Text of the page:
Herb and Dorothy were married in 1962 and spent their honeymoon in Washington, D.C, where they made their inaugural voyage to the National Gallery. “That’s where Herb gave me my first art lesson,” Dorothy said. At the time, she knew next to nothing about art, having always preferred music and theater. But her husband’s enthusiasm inspired her. She enrolled with him in painting and drawing classes at NYU. That same year, they bought a small sculpture made from crushed car metal by the artist John Chamberlain. They had no idea that the joint purchase would be the first of thousands.
The Vogels rented a tiny studio in Union Square, painting there at night and on weekends and using the vibrant, abstract products to decorate their new apartment on 86th Street. But by the mid-1960s, the couple realized that their artistic ambitions outweighed their abilities. “I wasn’t bad,” Dorothy claimed, adding, “I didn’t like Herby’s paintings.” Herb, an unfailingly modest man, admitted as much: “I was a terrible painter.” They decided to concentrate on collecting instead.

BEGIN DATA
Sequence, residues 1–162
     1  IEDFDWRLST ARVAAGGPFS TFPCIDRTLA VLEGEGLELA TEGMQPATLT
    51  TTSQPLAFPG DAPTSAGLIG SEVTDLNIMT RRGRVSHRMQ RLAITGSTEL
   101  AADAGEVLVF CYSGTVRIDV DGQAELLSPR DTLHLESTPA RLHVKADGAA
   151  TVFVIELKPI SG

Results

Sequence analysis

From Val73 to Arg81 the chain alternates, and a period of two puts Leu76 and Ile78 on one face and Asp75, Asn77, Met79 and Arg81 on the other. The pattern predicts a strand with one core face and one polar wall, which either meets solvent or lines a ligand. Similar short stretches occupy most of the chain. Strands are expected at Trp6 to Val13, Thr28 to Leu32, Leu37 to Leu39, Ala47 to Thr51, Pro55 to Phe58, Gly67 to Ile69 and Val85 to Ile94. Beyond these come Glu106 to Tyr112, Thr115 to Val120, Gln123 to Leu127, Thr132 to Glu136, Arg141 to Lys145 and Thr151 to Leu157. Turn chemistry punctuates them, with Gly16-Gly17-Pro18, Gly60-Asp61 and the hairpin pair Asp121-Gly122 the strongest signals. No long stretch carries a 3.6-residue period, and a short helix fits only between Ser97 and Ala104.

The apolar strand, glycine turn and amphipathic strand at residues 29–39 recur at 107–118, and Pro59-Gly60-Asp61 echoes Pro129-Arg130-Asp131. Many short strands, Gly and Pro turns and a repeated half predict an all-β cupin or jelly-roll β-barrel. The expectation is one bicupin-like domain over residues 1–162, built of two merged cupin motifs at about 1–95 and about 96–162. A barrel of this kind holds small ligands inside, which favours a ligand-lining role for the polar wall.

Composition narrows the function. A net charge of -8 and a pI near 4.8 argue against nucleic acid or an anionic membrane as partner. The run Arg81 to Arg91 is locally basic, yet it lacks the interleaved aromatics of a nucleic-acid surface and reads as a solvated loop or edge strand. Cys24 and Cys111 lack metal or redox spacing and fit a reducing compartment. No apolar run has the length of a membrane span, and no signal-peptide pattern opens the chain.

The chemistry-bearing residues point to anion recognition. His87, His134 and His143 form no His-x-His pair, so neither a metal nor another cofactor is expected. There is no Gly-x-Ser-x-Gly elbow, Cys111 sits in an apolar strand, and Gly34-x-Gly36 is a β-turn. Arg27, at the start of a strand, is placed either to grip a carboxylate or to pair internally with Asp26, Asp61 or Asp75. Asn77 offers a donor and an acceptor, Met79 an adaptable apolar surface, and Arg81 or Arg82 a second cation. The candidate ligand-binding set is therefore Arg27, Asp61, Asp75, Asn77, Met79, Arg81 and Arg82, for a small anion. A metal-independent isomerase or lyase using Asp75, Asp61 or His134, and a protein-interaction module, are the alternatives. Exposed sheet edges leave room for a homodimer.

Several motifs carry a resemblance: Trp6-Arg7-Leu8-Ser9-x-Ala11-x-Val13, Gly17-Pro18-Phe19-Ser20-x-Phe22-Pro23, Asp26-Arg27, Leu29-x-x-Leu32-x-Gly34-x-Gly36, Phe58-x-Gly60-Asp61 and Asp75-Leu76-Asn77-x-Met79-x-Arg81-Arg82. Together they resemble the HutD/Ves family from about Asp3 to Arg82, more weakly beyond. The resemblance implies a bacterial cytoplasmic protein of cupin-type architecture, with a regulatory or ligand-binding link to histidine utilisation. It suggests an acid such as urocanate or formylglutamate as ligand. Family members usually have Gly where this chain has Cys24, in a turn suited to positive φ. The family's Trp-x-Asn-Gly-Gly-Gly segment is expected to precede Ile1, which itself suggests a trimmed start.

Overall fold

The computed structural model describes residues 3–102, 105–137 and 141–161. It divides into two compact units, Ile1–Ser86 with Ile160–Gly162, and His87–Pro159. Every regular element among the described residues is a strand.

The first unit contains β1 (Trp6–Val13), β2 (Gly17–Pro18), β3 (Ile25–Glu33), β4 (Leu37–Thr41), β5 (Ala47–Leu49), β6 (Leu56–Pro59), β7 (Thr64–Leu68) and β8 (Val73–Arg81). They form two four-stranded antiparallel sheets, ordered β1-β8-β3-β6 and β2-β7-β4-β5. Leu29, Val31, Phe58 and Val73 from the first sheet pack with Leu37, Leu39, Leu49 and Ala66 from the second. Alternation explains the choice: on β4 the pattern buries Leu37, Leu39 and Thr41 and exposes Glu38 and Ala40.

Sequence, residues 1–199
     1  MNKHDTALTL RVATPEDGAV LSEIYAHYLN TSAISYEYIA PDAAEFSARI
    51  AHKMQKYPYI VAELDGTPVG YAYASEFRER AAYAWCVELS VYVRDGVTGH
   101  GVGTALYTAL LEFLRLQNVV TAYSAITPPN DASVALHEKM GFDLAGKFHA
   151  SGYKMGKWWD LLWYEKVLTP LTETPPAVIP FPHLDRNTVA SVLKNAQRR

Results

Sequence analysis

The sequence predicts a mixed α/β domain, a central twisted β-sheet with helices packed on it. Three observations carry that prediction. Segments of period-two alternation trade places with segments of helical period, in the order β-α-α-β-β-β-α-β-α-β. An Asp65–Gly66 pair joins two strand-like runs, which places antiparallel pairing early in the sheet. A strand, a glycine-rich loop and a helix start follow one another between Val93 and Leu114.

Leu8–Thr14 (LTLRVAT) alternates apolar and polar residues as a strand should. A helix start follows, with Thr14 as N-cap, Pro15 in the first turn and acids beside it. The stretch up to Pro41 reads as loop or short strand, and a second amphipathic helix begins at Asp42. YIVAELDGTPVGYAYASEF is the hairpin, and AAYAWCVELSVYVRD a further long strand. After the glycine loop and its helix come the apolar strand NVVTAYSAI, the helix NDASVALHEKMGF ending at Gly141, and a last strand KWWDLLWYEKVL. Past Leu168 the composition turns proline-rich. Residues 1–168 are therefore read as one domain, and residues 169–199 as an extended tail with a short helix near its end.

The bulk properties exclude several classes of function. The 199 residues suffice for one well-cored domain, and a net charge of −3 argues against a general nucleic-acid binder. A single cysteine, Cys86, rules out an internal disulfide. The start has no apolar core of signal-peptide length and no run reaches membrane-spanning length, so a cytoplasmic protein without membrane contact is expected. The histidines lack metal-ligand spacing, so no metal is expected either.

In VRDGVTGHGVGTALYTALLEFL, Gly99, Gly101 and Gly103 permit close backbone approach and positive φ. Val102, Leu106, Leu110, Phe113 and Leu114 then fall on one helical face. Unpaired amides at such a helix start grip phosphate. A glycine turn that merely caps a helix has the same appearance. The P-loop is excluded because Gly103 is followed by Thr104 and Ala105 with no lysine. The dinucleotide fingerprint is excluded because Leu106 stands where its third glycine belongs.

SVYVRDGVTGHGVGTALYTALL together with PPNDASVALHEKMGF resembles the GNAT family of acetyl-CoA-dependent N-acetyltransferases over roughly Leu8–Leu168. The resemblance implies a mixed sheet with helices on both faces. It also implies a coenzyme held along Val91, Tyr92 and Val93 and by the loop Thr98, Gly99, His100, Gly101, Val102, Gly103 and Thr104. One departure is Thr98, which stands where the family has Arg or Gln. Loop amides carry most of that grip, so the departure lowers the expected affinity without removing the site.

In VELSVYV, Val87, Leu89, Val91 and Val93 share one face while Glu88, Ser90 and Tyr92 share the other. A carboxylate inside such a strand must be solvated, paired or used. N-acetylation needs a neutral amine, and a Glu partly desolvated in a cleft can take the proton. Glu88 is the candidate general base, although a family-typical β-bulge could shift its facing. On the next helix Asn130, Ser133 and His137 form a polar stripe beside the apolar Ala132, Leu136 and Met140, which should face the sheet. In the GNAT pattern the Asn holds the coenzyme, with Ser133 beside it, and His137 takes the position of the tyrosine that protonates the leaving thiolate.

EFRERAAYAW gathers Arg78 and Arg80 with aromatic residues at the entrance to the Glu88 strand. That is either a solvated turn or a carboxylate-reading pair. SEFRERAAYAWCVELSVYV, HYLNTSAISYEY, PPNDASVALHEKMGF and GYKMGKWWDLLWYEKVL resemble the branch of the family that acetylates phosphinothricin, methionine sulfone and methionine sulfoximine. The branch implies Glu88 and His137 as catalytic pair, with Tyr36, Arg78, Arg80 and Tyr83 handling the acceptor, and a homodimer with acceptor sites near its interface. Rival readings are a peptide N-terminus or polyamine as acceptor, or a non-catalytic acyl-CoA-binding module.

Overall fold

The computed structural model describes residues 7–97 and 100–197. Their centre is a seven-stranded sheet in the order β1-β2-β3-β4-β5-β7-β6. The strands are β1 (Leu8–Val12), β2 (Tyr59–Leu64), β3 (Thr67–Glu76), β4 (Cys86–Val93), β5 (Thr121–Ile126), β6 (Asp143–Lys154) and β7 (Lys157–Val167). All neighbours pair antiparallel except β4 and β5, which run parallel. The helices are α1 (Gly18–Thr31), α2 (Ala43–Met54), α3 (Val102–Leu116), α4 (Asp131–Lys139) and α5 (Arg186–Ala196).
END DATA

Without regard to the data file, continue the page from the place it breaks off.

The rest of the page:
At the time, Pop Art and Abstract Expressionism were in vogue and too expensive for the Vogels. Minimal and conceptual art, on the other hand, had yet to be embraced by the art world establishment. The Vogels made a pact: Her salary would go toward living expenses, his toward art. Under these new terms, they visited the SoHo studio of an obscure artist named Sol LeWitt and walked out with the first piece LeWitt ever sold: an untitled, golden, T-shaped structure. “He had more than average potential, and I felt it,” Herb said. LeWitt would later become a titan of contemporary American art.
But Herb and Dorothy’s obsession was just starting to kick in. The couple began visiting dozens of galleries and studios each week, becoming what artist Chuck Close called “the mascots of the art world.” In making purchases, they functioned as a team. Herb, the impulsive Dionysian, searched for art “like a truffle hound,” said the artist Lucio Pozzi, who has more than 400 works in the Vogel collection. Dorothy, the Apollonian librarian with the encyclopedic memory, was more passive, hanging back and calculating the financial realities. They had only a few criteria: The work had to be affordable; it had to fit in their apartment; and it had be transportable via taxi or subway. Not part of the equation? The artist’s reputation. “We bought what we liked,” Dorothy said. “Simple as that.” And they continued to lead their double life—racing from studio to studio to gallivant with artists and to scout their next big purchase every night, while keeping their passions private from their work colleagues. Still, assembling such an incredible collection on such a tiny budget required a few other tricks.
WORK OF ART